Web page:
By R.J. Palacio,

Book cover of Wonder

Book description

'Has the power to move hearts and change minds' Guardian

'Tremendously uplifting and a novel of all-too-rare power' Sunday Express

'An amazing book . . . I absolutely loved it. I cried my eyes out' Tom Fletcher

Read the award-winning, multi-million copy bestselling phenomenon that is WONDER in this new…

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Why read it?

8 authors picked Wonder as one of their favorite books. Why do they recommend it?

Just an overall, very well-written middle-grade story about a family and a boy who’s different.

He has a special condition that makes him look and learn differently. He would be considered to have special needs in society. But in this story his family and extra love of his mother makes him feel like he is no different than anyone else, and he has his own unique abilities where he stands out. They help him to discover that about himself.

Ironically, through his own unique abilities and talents, he ends up inspiring so many others around him. His disabilities are in…

How does ten-year-old August Pullman go about getting everyone to overlook his severe facial malformation, so they can get to know him as an otherwise normal kid?

Auggie’s charm grew on me a lot faster than it did with his classmates, setting Auggie up for disappointments and betrayal. I loved how other brilliant characters, like the English teacher with the precepts, Auggie’s amazing family, or his best friend, help him through some dark times. It was touching to see how Auggie’s very rare condition impacts everyone who cares for him.

I believe that the brilliance of this story should be…

In a society that puts so much emphasis on looks, what can you do if your appearance attracts immense negative attention? This is the problem ten year-old Auggie must deal with due to a genetic condition that disfigured his face. There are two kids in his class brave enough to be his friend, but at great cost to their own acceptance.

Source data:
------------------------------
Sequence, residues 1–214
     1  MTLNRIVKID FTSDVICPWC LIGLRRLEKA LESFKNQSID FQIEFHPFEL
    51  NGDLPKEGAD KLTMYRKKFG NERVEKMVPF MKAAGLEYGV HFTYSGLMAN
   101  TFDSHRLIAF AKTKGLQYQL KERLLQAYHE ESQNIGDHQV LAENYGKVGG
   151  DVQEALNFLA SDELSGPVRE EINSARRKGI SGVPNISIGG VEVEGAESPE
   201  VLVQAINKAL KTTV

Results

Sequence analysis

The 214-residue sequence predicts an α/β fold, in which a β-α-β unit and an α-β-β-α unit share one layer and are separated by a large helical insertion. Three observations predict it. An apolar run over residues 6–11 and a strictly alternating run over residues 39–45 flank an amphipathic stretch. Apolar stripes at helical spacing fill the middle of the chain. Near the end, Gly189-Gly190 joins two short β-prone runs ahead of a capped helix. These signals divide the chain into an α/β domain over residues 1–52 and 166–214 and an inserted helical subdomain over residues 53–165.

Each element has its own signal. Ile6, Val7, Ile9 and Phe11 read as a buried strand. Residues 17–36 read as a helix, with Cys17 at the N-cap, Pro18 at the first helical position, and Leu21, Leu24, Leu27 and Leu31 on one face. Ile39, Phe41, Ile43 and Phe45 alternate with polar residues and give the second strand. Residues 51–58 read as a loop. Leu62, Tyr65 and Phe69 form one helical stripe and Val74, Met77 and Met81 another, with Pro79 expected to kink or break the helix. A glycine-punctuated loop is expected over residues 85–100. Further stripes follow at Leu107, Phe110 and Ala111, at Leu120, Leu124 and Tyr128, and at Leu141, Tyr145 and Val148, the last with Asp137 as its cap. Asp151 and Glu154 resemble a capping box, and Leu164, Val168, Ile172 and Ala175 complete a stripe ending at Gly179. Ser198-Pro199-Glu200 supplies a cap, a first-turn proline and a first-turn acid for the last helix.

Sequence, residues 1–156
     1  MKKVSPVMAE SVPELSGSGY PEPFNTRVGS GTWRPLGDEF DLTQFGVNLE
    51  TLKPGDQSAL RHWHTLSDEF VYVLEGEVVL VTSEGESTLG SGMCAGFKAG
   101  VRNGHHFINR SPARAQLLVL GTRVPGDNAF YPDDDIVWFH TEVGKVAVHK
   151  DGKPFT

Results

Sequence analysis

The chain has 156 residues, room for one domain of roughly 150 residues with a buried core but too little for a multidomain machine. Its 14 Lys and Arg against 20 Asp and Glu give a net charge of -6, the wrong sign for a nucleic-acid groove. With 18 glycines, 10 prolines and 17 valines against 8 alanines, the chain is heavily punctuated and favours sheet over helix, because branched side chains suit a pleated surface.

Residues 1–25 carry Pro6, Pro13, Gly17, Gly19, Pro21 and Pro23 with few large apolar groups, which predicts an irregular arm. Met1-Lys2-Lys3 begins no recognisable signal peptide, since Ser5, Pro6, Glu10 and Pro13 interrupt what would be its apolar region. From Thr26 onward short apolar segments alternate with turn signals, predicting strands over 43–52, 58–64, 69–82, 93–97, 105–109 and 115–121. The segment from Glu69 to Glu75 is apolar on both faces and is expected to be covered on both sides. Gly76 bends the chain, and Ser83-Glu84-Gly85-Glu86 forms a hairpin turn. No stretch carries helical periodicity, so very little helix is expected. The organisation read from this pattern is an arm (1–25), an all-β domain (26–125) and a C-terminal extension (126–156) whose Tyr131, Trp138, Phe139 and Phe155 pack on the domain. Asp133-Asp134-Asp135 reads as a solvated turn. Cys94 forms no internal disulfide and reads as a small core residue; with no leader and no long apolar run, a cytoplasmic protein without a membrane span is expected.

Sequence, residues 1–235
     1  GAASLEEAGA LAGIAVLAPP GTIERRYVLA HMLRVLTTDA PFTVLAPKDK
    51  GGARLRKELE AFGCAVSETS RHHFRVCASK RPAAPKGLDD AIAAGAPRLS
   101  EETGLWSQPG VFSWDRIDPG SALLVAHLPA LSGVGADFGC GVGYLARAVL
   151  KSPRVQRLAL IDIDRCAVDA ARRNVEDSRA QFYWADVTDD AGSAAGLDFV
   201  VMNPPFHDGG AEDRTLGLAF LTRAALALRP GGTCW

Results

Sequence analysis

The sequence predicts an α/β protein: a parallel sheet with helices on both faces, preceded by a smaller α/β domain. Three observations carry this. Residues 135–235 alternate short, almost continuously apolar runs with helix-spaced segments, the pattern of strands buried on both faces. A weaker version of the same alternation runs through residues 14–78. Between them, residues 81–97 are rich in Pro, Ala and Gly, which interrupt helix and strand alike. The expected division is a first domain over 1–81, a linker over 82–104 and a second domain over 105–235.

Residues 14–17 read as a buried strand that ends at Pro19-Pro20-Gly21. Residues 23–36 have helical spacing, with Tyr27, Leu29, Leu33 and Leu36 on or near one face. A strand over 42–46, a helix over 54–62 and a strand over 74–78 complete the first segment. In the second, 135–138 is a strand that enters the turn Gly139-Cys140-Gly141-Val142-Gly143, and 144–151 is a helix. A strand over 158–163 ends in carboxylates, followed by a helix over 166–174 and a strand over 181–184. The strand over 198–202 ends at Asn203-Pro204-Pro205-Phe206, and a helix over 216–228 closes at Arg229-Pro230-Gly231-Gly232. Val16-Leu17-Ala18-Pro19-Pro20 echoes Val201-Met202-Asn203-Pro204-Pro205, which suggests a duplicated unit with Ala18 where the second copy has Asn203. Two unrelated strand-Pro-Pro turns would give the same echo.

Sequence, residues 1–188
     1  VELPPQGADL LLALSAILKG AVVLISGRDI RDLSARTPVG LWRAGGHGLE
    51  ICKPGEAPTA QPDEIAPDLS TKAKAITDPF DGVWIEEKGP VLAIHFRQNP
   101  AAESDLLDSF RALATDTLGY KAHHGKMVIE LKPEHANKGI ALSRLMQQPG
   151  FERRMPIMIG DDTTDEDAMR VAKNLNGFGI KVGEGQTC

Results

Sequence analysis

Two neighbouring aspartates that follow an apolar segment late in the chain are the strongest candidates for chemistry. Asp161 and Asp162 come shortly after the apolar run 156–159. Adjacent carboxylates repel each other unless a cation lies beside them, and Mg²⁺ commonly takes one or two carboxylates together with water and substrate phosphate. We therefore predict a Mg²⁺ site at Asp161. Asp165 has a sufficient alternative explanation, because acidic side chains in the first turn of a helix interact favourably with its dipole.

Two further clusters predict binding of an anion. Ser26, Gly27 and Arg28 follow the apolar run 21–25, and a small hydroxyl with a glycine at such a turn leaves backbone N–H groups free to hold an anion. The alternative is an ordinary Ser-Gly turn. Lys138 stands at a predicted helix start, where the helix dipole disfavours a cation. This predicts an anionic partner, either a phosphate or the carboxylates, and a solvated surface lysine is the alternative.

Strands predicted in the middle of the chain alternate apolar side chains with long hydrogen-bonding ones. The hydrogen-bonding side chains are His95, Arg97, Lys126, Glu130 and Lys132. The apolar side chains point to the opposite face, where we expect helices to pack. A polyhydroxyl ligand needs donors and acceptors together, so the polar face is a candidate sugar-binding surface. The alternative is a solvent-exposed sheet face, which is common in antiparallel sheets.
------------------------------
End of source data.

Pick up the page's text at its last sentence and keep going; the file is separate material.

This story is authentic in its portrayal of the emotional roller coaster a child like this endures. Auggie so wants to fit in, but being “normal” is never going to happen. But then is “normal” the only value marker…

From Gina's list on heroes who have a disability.

This book took me from fits of hilarity to wells of sadness to fist-clenched anger. It’s not easy being a kid, and in 10-year-old-Auggie’s case, it’s much harder than most. Auggie is clever and witty, but born with a severe facial deformity that propels most to keep their distance. Taking extraordinary to new levels, this book feels like an embrace, like a warm bowl of soup, like a letter of affirmation that life is real and we are real and maybe that means we should be a little more kind to the people around us. Read this story if you…

August Pullman does not look like an ordinary kid. He is different… unique. But is different really a bad thing? To answer, no. This book is all about finding your own path and embracing your true colors. It is a touching story full of the most extreme highs and the lowest of lows. Wonder is told from the different perspectives of the characters, all of whom have their own side of the story to share. Each character has their own unique personality and makes the book truly memorable for readers. As the characters attempt to point out, this story represents…

After having been homeschooled all his life because of the medical complications of a severe facial deformity, Augie is enrolled in an actual middle school. Despite his unusual circumstances and many ups and downs, he makes lots of friends—even a best friend—and brings the entire school community together. This middle-grade novel features chapter headers designed by the author, who is also an illustrator and designer. A gorgeous book!

I think we’ve all been that person who sees someone different and because of our own worries, our own fears, our own self-consciousness, our own desire to be “better”, we shy away. Or worse, we actively engage, but in hurtful ways. The book Wonder is a good reminder of that. And also a good test. Would we be Julian or Jack? Would we call August a freak, or stand up to the bully? That question is worth asking. A reminder of the importance of acceptance, of asking for help, and of understanding. 

A boy who was born with a facial deformity goes to fifth grade after years of being homeschooled due to multiple surgeries. What fuels the development of children’s friendships is being able to imagine other people’s perspectives. This book is written from different kids’ points of view. It explores courage, acceptance, bullying, betrayal, and loyalty. Aimed at ages 8-12.

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